Jacob had aspirations of growing up to be a squirrel when he was young, so he was excited to meet another young guy who believes he is currently a squirrel! Allison, the youngest, was mesmerized by Barney.

This family has three little boys all 5 and under! We admire Christine for staying at home with these three little energy balls: Atticus, Sherman, and Sincy. And as a side note, we saw dolphins jumping in the Bosphorus on the ferry to their apartment. Very cool!

Don't order
"steved" fish! Or eat at any of the fish restaurants along the Marmara near Sultanahmet. They are tourist traps. They told us "Turkish music" to lure us in as we perused the menu. When we got inside, we realized it was just a guy pretending to play cheesy pop songs along on a player piano with some of his own additions totally off-key. It was actually pretty hilarious. It sounded horrible. At the same time, there were actually no other tourists there, but a bunch of Turkish people dressed up to the nines. Was this their idea of classy? We decided a better way to celebrate Friday the 13th (always a good day for us because it was our first date) was to buy a Dido bar and play some SkipBo.

Do get
a Turkish haircut! Although admittedly I felt queasy as I got my hair done--because the people working frantically on my hair couldn't speak English and the girl didn't use scissors but a razor thing that literally shaved layers off of my hair, so much so that I feared I would go bald, and I even stopped her, which I have never done, to say, "Don't you think it's getting a little thin?" but of course she didn't understand and just kept going-- I was very pleased once it was finished! And you get spoiled for only 15 Turkish lira, which is like 9 bucks.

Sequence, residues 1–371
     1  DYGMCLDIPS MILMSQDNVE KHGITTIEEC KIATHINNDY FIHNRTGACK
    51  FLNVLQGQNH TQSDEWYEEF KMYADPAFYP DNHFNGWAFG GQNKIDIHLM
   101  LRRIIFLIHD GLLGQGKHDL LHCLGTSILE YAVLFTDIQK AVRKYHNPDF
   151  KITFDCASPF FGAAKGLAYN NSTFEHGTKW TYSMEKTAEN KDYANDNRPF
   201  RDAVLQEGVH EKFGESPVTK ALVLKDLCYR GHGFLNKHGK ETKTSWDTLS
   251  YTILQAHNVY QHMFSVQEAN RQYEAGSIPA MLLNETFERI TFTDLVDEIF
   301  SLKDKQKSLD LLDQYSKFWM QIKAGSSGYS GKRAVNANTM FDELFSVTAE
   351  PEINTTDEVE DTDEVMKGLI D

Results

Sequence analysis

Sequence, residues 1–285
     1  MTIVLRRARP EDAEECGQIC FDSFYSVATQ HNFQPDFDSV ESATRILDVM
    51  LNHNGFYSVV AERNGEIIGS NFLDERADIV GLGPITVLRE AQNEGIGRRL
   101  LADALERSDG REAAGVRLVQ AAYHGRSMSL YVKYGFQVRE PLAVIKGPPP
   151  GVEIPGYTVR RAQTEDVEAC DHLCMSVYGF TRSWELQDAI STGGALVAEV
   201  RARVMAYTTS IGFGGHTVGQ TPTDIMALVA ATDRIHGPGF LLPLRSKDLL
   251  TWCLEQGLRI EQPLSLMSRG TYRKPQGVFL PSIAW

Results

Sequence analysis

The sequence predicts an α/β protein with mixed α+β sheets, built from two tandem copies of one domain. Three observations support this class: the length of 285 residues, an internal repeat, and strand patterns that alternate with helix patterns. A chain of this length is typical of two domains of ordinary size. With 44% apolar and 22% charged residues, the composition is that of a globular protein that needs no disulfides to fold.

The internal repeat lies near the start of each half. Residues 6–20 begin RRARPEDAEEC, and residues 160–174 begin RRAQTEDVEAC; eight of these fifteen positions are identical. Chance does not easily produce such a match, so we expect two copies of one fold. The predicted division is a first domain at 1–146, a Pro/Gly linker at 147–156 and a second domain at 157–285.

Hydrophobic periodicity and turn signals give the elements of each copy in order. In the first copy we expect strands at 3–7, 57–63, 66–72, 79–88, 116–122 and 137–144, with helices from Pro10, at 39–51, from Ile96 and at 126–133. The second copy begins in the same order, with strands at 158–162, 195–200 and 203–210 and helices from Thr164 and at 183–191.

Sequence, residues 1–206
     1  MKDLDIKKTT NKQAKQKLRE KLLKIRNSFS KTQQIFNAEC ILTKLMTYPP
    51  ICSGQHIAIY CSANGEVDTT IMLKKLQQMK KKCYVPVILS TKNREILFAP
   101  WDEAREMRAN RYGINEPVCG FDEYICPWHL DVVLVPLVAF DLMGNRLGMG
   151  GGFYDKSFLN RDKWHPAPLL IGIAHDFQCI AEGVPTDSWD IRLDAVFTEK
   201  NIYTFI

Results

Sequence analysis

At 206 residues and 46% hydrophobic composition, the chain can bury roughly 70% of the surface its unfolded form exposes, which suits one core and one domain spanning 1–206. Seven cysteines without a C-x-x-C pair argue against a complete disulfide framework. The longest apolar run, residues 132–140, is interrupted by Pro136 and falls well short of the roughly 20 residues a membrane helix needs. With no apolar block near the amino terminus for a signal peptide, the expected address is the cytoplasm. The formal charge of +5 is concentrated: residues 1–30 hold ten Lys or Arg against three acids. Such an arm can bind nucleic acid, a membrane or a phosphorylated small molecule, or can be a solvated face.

Don't Visit...
The Pera Palas Hotel unless you are obsessed like I was to see the place where Agatha Christie wrote Murder on the Orient Express. It's currently being renovated. On the other hand, maybe when you all come out here to visit it will be finished and you can go inside to see the room where it was written! Kai, this is for you... since you liked the movie so much:

Or don't visit the Hagia Sophia or Topkapi Palace Harem without a tour guide. I can't say that for certain, because we didn't get one, but without a tour guide you're just looking at stuff without knowing the significance of it, which can be confusing/boring even if very cool-looking/important.

Do just go out exploring--you never know what you'll find. My last venture I discovered a lovely view of the Olympic stadium, for example:

Some say Istanbul is overpopulated with 15 million residents, but I'm a city girl at heart, so I appreciate this:

The end.


oh said...

Istanbul Turkey--old
Jungle Gym Jacob--funny
Turkish barber--risky
Whirling Dervish--dizzying
J & K blog--entertaining

Adespain said...

I'll try to keep those things in mind for when we head that way in, oh, who knows how many years? :)

Joslyn and Devin said...

hahaha thanks for all the tips. Are you guys going to be coming back to the states or on to another country?